Ask yourself this question: “What do I enjoy most--singing or warming up? If you’re honest with yourself, you will probably answer, “Well, singing, of course!” Performing is much more satisfying than the easiest vocal warm-up exercises.
When a runner prepares to run, even a short distance, she stretches and moves the joints as a matter of course. No one would consider that odd or think the runner was being excessive or acting like a “diva.” Most people understand that the act of running, even though it uses parts of the body that we use throughout the day to stand and walk, works those body parts much more vigorously than walking does.
In the same way, singing uses the vocal mechanism, which is made up of the respiratory system and the surrounding muscles and connective tissue, in a much more athletic way than does ordinary talking. I often refer to singing as “talking plus,” as it uses the same muscles and organs that talking does, but in a much more arduous fashion. Vocal warm-ups are not just suggested; they are quite necessary for both making your voice sound better and protecting your voice from harm.
There are three items that the singer needs to focus on before working on repertoire or performing: 1) moving and stretching muscles in the torso, shoulders, neck, and face; 2) jump-starting the respiratory mechanism (breathing); 3) starting light vocalizing (a step past talking). I’ll briefly mention one exercise from the extensive list of warm-up exercises available for each area, and then I’ll mention a bonus hint for the conscientious student.
Stretching Before Other Vocal Warm-ups
All athletes stretch and move before beginning an event or game. Vocal athletes need to move and stretch the parts of the body they’ll be using to sing. Those parts include: the face, the neck, and the shoulders, although the entire body (even the legs!) can be moved and stretched also.
The stretching exercise that I use before any other vocal warm-ups is quite simple. First, roll your shoulders forward (making the shoulder point move in a circle) several times, then backward several times. You can also move the shoulders up and down. Concentrate on gentle, slow movements and relaxing the muscles you’re using, removing excess, unnecessary tension. Finish by holding the body very upright and tall. Think of yourself as a marionette puppet being held up by a string attached to the crown of your head. The shoulders will sit back and down from the head, and you’ll feel a little like a soldier standing at attention. Just don’t be stiff--stay relaxed as well as upright!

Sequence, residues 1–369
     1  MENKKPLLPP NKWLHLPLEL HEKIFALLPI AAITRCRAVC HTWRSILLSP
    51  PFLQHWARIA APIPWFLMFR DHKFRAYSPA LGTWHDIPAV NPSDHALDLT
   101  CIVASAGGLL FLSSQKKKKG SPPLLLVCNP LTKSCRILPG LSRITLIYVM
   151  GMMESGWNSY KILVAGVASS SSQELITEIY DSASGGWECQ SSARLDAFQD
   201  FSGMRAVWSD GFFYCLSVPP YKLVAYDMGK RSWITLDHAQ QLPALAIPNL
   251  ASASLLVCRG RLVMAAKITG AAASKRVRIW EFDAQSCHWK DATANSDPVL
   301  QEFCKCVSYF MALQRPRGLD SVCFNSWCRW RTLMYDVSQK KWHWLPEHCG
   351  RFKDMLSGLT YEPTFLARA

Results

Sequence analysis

Then, move the head and neck (without moving the rest of the body) in six directions: 1) lookup, with your head back as far as is comfortable; 2) look down, with your chin on your chest; 3) look to the right, carefully twisting the neck without moving the shoulders; 4) look to the left, carefully twisting the neck without moving the shoulders; 5) gently tilt your head to the right, as though trying to touch your right ear to your right shoulder; and 6) gently tilt your head to the left, as though trying to touch your left ear to your left shoulder.
It is extremely important to move slowly and deliberately when doing this warm-up, so you don’t injure yourself. Move only as far as is comfortable; pain is never gain in vocal warm-ups.
Breathing as a Vocal Warm-up